Corporate trading losses definition

ˈkɔːpərɪt ˈtreɪdɪŋ ˈlɒsɪz
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What does Corporate trading losses mean?

Also known as:
  • Corporate Trade losses 
  • Trade losses of companies 
  • Trading losses of companies 
  • Corporate trading losses in a nutshell 
Trading losses of companies are computed in the same way as trading profits. Relief for the loss can be obtained by set-off against other profits. This can be by way of a claim to set the loss against total profits of the same accounting period or, if the loss exceeds those profits, against total profits of the previous twelve months. Alternatively, the loss, or the remaining loss, can be carried forward to future accounting periods for set off against future profits. If the company is a member of a group, a loss can be surrendered to another company in the group for set off against their profits, either in the same period or in a subsequent period. 

When does a trading loss arise? 

Trading losses of companies are computed in the same way as trading profits. They must be calculated in accordance with generally accepted accounting practice (GAAP), subject to any adjustments required or authorised by law. The starting point for calculating trading profits or losses is therefore usually the profit or loss before tax figure as per the accounts, which is then subject to tax adjustments where applicable. Where the adjusted trading result figure is a loss, the trade profit amount in the corporation tax computation will be nil. 

How is relief for a trading loss given in the same accounting period?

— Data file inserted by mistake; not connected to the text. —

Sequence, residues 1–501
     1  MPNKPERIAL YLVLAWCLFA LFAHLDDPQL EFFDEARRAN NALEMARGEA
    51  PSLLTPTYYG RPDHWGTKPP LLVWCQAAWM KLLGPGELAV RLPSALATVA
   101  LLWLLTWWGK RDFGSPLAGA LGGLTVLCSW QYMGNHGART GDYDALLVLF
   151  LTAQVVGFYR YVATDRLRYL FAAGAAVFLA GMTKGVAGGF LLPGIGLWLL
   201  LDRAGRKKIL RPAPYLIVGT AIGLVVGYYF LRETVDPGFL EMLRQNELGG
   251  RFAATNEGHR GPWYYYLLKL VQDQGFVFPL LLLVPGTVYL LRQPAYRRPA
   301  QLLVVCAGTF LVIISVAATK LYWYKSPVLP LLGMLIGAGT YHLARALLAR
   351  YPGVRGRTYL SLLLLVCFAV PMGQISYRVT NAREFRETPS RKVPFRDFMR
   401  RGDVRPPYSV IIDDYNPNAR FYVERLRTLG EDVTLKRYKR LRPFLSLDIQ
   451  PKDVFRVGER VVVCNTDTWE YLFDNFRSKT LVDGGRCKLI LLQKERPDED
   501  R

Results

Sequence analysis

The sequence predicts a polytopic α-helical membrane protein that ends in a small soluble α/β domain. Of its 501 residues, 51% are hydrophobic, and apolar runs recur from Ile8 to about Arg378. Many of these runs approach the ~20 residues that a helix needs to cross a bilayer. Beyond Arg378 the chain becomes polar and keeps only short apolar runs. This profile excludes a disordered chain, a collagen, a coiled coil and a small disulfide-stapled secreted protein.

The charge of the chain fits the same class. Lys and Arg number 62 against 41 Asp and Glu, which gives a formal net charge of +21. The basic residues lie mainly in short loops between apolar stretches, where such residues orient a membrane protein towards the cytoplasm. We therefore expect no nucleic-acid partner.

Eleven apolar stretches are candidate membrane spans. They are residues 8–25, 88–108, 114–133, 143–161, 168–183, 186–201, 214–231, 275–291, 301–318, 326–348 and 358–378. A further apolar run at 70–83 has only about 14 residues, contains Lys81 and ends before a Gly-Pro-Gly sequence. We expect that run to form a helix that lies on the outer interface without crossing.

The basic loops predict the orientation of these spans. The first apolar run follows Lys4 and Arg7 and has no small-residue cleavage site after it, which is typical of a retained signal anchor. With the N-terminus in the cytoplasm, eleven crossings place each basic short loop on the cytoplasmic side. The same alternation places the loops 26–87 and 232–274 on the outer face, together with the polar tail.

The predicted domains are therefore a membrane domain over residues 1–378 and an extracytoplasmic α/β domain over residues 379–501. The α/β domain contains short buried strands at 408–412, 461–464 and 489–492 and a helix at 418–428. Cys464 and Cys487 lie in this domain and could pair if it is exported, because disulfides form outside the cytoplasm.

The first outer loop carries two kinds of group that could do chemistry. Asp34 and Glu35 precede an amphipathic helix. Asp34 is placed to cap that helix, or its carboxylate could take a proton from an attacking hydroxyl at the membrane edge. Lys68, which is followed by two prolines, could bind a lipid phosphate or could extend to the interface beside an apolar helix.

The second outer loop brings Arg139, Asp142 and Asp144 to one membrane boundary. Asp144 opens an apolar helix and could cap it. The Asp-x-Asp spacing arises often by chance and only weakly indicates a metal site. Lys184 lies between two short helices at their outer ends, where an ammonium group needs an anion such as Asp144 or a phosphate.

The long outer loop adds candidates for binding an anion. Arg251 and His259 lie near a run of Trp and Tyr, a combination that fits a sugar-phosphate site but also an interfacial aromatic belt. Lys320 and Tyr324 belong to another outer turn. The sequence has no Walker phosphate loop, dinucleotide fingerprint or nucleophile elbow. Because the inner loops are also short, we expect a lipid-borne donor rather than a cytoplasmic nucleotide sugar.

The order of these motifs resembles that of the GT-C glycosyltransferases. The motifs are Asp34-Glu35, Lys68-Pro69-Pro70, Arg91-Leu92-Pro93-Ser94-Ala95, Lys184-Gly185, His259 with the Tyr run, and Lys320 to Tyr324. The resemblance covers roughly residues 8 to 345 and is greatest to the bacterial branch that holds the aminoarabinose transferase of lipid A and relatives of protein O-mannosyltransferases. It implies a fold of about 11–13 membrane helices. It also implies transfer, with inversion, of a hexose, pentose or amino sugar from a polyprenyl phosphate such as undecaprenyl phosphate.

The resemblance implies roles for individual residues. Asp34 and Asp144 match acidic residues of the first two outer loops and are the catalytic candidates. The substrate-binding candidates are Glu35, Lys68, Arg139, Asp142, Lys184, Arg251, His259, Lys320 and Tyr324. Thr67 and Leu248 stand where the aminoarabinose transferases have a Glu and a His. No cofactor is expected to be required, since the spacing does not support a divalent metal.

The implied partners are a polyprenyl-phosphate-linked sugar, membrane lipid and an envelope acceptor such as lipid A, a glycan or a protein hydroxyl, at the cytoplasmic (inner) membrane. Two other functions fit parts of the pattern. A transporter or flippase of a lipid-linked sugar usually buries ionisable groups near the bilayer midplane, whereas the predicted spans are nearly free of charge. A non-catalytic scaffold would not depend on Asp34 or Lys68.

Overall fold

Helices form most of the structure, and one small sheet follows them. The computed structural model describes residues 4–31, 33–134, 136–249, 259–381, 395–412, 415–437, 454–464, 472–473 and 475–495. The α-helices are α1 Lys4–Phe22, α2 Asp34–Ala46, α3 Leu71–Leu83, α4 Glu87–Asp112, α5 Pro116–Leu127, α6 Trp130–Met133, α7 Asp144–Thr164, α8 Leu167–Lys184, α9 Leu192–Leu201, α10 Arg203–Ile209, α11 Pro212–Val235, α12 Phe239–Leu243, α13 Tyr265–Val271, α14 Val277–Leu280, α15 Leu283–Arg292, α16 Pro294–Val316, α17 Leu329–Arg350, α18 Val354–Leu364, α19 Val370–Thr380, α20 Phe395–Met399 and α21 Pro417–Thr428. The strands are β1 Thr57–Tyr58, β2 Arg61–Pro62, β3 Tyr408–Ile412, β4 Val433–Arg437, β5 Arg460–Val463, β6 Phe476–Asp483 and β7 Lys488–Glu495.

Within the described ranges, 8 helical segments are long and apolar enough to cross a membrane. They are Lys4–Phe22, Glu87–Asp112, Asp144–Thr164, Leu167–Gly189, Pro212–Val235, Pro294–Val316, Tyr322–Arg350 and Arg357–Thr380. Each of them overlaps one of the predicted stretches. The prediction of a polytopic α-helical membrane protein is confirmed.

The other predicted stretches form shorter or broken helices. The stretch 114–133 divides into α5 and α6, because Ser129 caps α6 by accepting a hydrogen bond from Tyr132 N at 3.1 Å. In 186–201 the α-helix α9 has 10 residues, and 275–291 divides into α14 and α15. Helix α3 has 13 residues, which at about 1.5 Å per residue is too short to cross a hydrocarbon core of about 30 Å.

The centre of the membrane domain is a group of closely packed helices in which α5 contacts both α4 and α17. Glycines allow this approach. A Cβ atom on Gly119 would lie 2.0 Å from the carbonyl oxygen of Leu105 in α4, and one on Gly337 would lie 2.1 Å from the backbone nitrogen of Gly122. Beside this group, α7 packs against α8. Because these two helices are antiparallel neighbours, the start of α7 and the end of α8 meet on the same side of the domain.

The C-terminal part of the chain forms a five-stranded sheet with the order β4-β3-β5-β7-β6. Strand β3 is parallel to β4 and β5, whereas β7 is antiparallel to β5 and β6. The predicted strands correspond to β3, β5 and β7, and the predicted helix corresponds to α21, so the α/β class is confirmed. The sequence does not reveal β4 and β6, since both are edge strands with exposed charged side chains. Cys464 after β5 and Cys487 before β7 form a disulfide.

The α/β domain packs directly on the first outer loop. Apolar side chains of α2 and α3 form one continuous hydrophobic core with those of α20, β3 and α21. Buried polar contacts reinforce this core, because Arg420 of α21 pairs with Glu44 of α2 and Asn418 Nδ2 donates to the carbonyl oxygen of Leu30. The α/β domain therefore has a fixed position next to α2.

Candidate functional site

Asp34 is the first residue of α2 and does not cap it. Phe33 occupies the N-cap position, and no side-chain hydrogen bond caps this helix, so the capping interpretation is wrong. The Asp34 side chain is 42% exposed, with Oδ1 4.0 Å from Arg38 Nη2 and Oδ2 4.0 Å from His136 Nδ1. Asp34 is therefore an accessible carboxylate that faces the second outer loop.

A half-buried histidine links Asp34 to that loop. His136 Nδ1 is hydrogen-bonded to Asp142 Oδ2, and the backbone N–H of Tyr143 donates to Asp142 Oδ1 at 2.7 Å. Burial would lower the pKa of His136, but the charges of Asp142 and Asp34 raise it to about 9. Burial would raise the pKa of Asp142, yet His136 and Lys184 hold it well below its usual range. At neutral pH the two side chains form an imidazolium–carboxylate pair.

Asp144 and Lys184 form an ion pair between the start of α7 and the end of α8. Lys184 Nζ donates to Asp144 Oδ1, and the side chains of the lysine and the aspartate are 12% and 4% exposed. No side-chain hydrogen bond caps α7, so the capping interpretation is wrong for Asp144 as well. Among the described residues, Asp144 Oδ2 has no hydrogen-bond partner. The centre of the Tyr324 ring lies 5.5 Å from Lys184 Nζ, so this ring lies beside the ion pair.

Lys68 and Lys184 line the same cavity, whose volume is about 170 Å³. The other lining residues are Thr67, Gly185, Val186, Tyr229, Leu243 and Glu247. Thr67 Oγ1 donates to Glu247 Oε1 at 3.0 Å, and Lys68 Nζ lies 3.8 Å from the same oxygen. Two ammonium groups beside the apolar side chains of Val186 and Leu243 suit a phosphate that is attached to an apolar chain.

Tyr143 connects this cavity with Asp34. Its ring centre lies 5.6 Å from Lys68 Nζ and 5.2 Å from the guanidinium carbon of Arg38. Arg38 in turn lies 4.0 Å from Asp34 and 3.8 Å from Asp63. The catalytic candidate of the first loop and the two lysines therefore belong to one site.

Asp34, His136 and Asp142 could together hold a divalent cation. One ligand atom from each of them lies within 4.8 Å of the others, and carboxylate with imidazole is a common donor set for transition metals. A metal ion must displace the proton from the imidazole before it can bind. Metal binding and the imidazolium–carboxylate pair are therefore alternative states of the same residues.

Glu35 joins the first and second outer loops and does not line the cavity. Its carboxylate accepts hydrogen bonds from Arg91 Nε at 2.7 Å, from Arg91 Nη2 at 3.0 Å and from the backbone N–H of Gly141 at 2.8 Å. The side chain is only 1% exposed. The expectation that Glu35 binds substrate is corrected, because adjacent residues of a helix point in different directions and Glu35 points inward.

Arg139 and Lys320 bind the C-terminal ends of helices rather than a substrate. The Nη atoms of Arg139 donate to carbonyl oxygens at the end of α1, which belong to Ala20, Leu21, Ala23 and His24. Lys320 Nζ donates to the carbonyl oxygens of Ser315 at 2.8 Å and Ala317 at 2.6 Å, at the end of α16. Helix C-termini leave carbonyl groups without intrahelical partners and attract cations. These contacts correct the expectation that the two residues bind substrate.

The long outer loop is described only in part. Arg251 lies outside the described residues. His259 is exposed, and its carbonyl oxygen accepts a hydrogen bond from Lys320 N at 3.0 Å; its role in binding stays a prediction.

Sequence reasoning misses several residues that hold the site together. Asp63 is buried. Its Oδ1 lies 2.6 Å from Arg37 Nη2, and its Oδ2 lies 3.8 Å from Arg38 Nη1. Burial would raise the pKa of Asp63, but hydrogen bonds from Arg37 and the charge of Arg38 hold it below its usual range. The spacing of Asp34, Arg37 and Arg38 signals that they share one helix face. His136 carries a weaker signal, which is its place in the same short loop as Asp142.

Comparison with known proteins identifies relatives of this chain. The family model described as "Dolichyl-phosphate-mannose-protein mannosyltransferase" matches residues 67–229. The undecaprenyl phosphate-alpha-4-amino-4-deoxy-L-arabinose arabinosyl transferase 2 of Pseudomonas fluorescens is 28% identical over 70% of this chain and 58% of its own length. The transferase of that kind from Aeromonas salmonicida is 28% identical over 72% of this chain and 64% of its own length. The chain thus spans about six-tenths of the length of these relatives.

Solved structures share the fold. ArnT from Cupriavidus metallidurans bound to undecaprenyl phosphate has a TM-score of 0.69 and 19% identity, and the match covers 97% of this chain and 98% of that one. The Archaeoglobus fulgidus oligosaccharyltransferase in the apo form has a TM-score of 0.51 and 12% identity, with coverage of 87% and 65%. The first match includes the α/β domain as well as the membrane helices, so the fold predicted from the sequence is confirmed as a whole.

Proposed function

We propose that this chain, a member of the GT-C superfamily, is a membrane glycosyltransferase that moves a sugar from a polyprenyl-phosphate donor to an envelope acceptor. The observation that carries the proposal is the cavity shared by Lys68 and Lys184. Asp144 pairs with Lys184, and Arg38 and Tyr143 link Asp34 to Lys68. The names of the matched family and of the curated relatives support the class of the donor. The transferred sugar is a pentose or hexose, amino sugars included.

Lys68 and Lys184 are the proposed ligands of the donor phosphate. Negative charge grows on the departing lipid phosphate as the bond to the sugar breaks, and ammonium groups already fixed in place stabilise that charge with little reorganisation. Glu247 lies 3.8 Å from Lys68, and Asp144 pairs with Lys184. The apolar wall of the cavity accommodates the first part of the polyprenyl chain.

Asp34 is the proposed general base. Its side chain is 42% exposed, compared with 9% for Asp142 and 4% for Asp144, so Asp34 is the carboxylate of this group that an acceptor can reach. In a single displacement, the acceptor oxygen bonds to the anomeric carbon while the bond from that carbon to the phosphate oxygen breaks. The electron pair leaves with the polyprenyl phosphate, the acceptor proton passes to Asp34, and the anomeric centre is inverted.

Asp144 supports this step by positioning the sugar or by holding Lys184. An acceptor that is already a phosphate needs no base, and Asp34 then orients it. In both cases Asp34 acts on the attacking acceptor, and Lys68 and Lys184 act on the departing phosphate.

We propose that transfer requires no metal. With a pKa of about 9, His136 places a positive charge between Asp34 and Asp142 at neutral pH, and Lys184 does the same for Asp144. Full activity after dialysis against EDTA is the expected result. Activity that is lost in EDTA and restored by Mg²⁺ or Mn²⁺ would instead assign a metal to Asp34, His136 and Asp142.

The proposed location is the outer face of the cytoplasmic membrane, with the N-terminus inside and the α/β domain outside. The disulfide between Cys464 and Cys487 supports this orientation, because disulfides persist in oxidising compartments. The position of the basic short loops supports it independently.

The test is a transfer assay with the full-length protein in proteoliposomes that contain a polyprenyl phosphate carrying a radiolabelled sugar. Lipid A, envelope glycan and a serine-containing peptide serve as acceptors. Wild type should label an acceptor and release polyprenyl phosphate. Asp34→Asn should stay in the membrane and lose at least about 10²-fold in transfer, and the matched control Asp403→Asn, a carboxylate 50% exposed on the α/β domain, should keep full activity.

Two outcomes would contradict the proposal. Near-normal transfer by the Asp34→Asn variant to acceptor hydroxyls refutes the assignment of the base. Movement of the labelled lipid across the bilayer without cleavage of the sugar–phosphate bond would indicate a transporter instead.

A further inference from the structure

Trading losses can be offset against total profits of the same period. Total profits include, for example, chargeable gains or property business profits. No partial claims are allowed and the claim must either use all of the loss, or eliminate all of the available profits. The company must carry on the trade on a commercial basis and with a view to making a profit. The claim must be made within two years from the end of the accounting period in which the loss was incurred. 

How is relief for a trading loss given in an earlier accounting period? 

Trading losses may be carried back for relief against total profits of the previous 12 months. This claim may only be made once a current year claim has been made and an excess of losses remains or where there were no current year profits. 

How is relief for a trading loss given in subsequent accounting periods? 

If a loss has not been relieved in another way, a company can generally carry it (or the balance remaining after other claims) forward to the next accounting period for relief against total profits. The company must continue to carry on the trade in which the loss arose in the period in which it is used and there are further conditions to be met. A claim must be made within two years of the end of the period in which the loss is used. The claim can be for all the available amount or only part of it. Different rules apply to losses which arose before 1 April 2017.  

Are there restrictions on the use of carried-forward losses?